However, there are plants that you can easily save the seeds from, and these include:
Read Also >> The Definitive Guide to Crossbreed Plants
How Do You Save Seeds?
The method for saving seeds varies depending on the plant, so you need to tailor your procedures to the variety.
Below, you’ll find how to harvest seeds from some of the most common varieties of vegetables.
You can save pepper seeds by harvesting them when the fruit has ripened and then started to wrinkle.
Once this process has happened, you can collect the seeds.
Then, you should spread them on a paper towel to dry before storing them.
Similarly, you can save tomato seeds by taking a fully ripe tomato from the plant and scraping out the pulp.
Next, put the pulp in a jar of water and swirl it every day for a few days.
This technique should free the seeds from the pulp and encourage them to sink.
Finally, drain and rinse the seeds, put them on a paper towel to dry before storage, and discard the pulp.
Peas and Beans
You can harvest pea seeds and bean seeds by allowing the pod to ripen on the plant and then leaving it until it starts to turn brown.
When it has started browning, you should pick the pod and place it in a warm spot indoors to dry out for at least two weeks.
Then, shell and store it.
Or, you can leave the pod intact until you are ready to plant the following spring.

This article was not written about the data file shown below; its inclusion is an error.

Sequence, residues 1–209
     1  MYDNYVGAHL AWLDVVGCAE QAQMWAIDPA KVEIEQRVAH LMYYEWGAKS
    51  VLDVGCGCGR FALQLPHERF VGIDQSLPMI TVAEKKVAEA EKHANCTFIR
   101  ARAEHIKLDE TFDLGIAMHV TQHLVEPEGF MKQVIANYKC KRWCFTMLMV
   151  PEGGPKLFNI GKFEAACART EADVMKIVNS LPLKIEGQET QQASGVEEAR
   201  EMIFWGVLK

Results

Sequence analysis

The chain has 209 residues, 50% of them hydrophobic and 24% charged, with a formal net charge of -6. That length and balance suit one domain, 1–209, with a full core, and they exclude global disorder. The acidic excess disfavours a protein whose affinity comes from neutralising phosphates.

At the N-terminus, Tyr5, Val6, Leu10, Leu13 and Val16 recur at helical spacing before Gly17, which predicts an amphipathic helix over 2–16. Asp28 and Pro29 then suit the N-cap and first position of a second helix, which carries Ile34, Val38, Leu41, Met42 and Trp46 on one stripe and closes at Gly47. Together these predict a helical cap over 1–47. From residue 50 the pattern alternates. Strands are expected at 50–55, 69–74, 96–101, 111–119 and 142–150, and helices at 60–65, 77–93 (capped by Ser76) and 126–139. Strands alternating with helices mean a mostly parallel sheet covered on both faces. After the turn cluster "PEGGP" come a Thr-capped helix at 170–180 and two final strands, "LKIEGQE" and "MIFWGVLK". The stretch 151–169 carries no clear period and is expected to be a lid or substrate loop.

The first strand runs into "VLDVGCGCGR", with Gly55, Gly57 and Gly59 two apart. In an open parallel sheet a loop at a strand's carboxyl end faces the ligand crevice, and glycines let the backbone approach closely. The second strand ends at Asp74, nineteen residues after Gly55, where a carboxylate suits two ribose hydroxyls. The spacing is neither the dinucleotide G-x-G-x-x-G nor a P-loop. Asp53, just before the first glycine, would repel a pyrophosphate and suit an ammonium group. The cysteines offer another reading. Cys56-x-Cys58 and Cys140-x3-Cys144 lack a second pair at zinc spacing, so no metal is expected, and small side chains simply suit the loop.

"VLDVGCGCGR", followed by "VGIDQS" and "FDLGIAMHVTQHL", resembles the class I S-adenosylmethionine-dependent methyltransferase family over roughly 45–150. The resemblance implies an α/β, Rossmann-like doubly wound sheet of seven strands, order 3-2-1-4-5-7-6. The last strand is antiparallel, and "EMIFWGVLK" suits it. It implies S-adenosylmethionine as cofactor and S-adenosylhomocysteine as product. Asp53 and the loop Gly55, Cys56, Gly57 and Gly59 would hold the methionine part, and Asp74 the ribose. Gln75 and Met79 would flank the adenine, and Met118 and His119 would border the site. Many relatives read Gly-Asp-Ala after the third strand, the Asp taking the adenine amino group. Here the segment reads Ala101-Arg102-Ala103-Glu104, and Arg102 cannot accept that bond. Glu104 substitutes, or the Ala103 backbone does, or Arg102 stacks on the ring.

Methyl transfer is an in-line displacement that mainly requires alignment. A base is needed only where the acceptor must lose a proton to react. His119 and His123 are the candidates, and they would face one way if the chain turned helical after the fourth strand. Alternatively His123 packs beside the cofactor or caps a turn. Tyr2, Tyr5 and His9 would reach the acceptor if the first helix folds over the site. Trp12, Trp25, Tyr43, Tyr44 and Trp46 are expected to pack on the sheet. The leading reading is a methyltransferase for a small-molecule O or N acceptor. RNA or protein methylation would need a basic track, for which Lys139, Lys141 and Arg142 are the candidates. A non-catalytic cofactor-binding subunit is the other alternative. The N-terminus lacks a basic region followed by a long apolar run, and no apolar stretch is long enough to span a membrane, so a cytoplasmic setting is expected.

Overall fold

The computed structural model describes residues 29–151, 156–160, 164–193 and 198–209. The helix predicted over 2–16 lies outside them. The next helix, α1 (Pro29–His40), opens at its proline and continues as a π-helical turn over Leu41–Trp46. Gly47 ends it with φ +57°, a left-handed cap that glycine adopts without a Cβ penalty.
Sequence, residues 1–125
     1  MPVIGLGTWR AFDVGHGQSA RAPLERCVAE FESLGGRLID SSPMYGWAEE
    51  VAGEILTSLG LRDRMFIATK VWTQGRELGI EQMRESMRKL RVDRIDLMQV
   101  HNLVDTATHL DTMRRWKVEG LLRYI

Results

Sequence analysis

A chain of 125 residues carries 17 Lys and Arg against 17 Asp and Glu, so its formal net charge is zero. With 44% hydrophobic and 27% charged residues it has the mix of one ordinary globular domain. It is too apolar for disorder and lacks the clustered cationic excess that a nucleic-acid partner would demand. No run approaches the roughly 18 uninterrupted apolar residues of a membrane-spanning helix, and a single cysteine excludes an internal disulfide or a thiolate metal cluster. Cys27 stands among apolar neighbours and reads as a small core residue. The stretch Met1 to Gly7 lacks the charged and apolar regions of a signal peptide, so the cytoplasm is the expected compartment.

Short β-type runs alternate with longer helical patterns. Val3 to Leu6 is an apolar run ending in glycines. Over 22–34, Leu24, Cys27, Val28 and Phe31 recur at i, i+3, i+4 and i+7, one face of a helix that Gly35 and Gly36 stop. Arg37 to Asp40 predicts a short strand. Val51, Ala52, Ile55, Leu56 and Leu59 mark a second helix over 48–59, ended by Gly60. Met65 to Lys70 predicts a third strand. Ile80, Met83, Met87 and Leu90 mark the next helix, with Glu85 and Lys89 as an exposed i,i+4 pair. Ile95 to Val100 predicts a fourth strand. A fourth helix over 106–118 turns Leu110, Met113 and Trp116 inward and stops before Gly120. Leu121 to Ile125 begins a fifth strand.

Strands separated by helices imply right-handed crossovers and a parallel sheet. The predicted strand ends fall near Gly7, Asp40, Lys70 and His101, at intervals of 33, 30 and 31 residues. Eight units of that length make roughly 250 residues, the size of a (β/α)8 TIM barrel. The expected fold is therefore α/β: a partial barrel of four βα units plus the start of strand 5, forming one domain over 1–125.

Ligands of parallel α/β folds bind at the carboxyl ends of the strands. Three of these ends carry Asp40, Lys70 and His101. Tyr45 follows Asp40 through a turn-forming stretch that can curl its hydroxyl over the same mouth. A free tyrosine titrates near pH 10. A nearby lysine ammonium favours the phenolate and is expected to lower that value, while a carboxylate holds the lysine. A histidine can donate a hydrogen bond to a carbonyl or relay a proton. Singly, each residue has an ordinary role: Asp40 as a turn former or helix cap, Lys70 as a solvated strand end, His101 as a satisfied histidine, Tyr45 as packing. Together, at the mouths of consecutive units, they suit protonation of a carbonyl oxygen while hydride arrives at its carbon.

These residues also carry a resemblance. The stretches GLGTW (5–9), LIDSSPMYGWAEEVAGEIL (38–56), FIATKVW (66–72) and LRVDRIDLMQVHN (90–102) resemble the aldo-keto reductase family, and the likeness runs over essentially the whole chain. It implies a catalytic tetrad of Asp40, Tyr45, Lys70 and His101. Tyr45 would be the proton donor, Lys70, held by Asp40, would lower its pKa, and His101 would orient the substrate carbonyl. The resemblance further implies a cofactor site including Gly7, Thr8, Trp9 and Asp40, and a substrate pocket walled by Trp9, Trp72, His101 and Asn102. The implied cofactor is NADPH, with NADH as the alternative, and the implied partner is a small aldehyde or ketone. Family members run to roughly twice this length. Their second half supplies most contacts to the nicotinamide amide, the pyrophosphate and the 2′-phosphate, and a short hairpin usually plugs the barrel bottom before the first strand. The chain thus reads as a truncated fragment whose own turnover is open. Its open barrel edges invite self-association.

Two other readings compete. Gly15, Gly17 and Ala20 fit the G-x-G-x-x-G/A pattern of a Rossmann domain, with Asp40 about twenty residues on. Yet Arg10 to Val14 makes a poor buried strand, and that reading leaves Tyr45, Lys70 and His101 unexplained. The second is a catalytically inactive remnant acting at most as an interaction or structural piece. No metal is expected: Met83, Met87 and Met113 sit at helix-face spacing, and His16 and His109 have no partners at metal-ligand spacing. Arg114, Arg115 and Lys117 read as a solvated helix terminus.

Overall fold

Either of these methods will work, but leaving the pod intact takes up more space, so it may be better to shell your pods.
Read Also >> Hybrid vs. Heirloom Plants
How Should You Store Seeds?
First, make sure your seeds are completely dry, as wet seeds will quickly turn moldy in storage.
Thus, leave your seeds on the paper towels until they have fully dried out.
Then, while they are drying, you should get some small envelopes to store your seeds.
Many people use paper for storage as it is easy to label, but plastic will ensure the seeds stay dry.
So, you can experiment with both and decide which is better for you.
But, if you are going to use paper, make sure you store the seeds in a very dry location, away from all dampness.
Next, carefully label all of your seeds, so you know the variety and date you collected them.
Proper labeling makes it easier to use your seeds correctly each year, and also gives you valuable information about which plants are doing well and which are struggling.
You should then put the seed envelopes in an airtight container and place them somewhere cool and dark, away from any hungry rodents.
Additionally, remember that you should avoid keeping seeds in a greenhouse or on a hot porch, as heat will destroy most seeds and make them unviable.
Instead, place them in a cool, dark cupboard or shed above ground level so that rodents cannot easily reach them.
It’s easy to harvest and store the seeds of some plants, especially varieties like peppers and tomatoes.
And harvesting is a great way to ensure you can grow the plant year after year, which keeps your growing costs down.
However, some seeds, such as F1 hybrids or most squash plants, are not easy to harvest because they are rarely true to the parent plant.